On June 12, Dutch firm MVRDV announced they won a competition to design the Zaanstand Cultural Cluster in Zaanstand, Netherlands—a metropolitan area of Amsterdam. The new building will be next to the city’s main train station, city hall, and the famous Inntel Hotel designed by WAM Architecten based in Deflt, Netherlands. This project will be instrumental in the urban plan spearheaded by post-modern architect Sioerd Soeters to add more local character to the inner portion of the city. The design aesthetic is described as a “new Zaan style,” or a modern take on the typical housing styles found in the Dutch country, which are built with wood and often swathed in bright green swatches.
The 7,500-square-meter site by MVRDV will house five local cultural institutions, with each one given their respective presence on the exterior façade. To communicate this, the designers chose to form a void in the shape of the historic Zaan house style.
Project DescriptionFROM MVRDV:
Since 2001, the centre of Zaanstad has been transformed to agree with the style of the nearby UNESCO World Heritage site the Zaanse Schans. Architectural highlights of this requirement include the city hall in shape of oversized Zaan houses and the Inntel hotel, which appears as a large stack of the same green houses. The new Cultural Cluster is the next step in this urban plan. The question was raised of how to continue the Zaan style given these existing variations of the traditional house, and also how to secure a clear identity for each of the established cultural institutions within the larger envelope of a single building.
MVRDV co-founder and principal Jacob van Rijs explains the solution: ‘We started with a compact volume and then turned the typical Zaan house inside out, creating an urban living room. On the exterior façade a wallpaper motif contrasts with interior spaces clad in the green wooden facades so typical of the Zaan region. The characteristic shape of the Zaan house returns as the shape of the building's main atrium void, a cut-out within the larger volume.'
MVRDV have proposed a cubic volume in which the Zaan house is visible as a silhouette. Each of the institutions it will house will receive its own space in the silhouette of a Zaan house of a different colour, giving each a recognizable visual identity. The largest of these spaces is the Zaan Living Room, located directly on the square in front of the city hall. In this central space, all of the different programmatic elements are connected and come together. An urban-scaled space, all kinds visitors will be welcome: the audiences of the various institutions as well as waiting commuters or shoppers that might just want to make use of the restaurants inside the building.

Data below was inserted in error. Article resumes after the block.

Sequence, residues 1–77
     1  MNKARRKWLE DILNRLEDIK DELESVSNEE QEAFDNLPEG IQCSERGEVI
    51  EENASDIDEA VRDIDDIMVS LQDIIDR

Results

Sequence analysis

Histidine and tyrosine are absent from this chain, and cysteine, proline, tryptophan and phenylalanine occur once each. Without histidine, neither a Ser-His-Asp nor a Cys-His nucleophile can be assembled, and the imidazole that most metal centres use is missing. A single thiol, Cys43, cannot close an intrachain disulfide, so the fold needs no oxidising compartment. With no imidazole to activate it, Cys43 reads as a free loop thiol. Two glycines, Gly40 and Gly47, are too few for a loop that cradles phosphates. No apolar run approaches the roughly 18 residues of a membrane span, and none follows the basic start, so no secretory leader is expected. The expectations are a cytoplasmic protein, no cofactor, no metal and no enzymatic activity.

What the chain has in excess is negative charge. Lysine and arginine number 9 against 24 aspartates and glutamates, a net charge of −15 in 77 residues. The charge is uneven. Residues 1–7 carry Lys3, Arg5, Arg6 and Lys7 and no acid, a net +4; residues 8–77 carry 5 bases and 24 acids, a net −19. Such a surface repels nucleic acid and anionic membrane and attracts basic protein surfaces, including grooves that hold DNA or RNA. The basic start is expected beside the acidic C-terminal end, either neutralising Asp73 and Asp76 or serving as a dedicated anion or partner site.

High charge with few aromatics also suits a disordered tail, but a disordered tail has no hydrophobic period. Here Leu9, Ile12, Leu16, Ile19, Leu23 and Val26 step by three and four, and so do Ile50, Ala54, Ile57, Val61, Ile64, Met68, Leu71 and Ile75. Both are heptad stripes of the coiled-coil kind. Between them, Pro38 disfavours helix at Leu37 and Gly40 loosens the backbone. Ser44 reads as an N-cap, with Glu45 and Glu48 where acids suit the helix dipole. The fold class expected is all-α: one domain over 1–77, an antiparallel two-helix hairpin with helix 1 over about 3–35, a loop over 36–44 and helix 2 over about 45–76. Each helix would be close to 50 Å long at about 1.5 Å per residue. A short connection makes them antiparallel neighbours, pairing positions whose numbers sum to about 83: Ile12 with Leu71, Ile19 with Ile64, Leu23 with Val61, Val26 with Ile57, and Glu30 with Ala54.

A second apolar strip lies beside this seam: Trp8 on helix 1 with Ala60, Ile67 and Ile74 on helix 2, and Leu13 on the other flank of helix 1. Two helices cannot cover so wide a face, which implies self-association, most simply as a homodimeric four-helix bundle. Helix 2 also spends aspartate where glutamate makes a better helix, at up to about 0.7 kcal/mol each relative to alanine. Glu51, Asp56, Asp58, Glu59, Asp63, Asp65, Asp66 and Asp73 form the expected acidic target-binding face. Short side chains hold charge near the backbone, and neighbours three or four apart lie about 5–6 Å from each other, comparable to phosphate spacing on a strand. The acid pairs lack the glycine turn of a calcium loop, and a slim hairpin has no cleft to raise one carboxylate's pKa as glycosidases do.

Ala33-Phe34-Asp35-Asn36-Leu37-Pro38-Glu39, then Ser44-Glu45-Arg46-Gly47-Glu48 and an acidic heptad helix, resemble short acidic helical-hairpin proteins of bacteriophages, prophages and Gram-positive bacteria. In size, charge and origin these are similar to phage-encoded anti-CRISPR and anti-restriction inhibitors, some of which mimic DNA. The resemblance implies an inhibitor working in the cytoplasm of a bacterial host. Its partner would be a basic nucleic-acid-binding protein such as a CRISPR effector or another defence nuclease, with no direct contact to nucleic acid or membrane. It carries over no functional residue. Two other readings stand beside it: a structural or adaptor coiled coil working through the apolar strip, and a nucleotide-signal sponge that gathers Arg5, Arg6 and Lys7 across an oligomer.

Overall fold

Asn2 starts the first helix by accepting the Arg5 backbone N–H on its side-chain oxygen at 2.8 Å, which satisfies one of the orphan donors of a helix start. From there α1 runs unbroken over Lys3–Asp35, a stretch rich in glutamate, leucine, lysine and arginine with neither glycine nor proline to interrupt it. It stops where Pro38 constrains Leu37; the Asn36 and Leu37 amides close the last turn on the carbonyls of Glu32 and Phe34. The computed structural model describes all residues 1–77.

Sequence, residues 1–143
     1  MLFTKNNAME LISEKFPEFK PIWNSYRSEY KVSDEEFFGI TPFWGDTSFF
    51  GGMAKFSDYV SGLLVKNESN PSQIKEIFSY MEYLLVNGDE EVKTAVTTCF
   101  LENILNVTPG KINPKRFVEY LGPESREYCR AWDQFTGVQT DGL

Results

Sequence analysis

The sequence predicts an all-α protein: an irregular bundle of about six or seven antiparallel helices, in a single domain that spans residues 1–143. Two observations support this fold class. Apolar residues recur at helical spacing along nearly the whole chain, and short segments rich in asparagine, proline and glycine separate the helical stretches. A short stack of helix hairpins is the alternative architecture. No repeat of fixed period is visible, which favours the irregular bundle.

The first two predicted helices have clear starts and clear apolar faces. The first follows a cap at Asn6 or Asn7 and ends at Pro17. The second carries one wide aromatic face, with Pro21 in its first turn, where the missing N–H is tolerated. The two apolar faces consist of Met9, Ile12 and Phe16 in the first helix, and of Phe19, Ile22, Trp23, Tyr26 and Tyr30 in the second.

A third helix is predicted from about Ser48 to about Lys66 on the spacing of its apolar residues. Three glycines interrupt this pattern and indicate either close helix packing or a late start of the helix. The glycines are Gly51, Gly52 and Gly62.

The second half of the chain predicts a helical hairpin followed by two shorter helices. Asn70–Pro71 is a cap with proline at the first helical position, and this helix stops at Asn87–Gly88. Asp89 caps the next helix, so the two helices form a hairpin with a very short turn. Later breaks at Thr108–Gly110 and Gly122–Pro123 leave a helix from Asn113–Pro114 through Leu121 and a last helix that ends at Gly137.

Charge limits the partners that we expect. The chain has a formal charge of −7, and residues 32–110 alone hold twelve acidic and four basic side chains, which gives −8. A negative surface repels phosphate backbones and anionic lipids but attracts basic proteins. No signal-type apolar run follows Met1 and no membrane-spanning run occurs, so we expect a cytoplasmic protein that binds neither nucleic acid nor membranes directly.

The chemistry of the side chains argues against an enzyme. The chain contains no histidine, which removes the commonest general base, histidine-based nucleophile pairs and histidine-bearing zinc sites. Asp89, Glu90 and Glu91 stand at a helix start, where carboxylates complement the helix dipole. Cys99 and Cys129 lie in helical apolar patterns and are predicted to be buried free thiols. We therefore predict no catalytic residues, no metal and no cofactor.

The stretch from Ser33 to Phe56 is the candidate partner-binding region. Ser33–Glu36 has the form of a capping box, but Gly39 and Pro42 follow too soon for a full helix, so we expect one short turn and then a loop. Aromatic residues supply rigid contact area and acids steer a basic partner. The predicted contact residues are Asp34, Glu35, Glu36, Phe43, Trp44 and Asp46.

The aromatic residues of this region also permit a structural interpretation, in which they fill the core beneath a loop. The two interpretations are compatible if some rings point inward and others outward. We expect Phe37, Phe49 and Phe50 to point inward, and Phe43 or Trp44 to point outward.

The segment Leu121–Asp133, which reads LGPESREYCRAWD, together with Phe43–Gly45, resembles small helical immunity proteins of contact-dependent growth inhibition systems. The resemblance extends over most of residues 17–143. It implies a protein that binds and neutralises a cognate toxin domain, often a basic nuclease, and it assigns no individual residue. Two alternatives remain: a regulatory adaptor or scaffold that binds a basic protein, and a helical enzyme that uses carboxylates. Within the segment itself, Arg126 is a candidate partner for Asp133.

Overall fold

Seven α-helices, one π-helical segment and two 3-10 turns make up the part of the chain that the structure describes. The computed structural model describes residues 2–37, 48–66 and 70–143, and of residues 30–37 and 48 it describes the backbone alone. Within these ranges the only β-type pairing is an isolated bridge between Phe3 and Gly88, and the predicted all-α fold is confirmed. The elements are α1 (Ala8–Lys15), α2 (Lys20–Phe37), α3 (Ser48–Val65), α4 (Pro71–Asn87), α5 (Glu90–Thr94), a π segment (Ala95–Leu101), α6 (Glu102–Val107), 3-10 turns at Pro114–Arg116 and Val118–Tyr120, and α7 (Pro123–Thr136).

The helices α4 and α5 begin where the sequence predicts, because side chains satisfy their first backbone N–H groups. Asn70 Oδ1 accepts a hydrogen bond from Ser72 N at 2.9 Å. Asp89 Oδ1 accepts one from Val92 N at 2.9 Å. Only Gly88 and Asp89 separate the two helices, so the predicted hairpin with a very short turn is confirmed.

The institutions bundled inside the new volume are a film house, a library, a performing and visual arts centre, a pop music centre, a music school, a centre for design and a local radio station. The pop music hall on the ground floor offers room for 500 visitors and is flexible in its design to allow different events to take place day to day. The Zaan Living Room is a lively public meeting space that starts on the square and offers access to all levels of the new building. The local radio station will be housed in a studio with a view of the stacked hotel as a backdrop, and in addition to a large number of program-specific spaces (film halls, music rooms, creative labs, workshops and dance studios) the building will also features a number of flexible working spaces.
The new Cultural Cluster sits on a raised pedestrian square, underneath which a bicycle parking lot and underground road will be located. The entrance to this bicycle parking is, like the building's other voids, designed as - silhouette of a Zaan house. From the raised square, a bicycle path leads down to street level. The building combines is a mixture of various sustainable technologies and a compact design to reach the highest energy efficiency possible for it's mix of programs. The Municipality's ambition is that the building also becomes a model of best practice in maintenance practices, life-cycle costs, financial management and social security. Acoustically it will be world class to match it's focus on performing arts.
MVRDV won the competition to design the new Zaanstad Cultural Cluster together with engineering firm Royal HaskoningDHV, Bureau Theateradvies (theatre advice) and Viabizzuno lighting designers. The building will be realised according to an integrated construction method and users and cultural institutions will be actively involved through various consultation processes.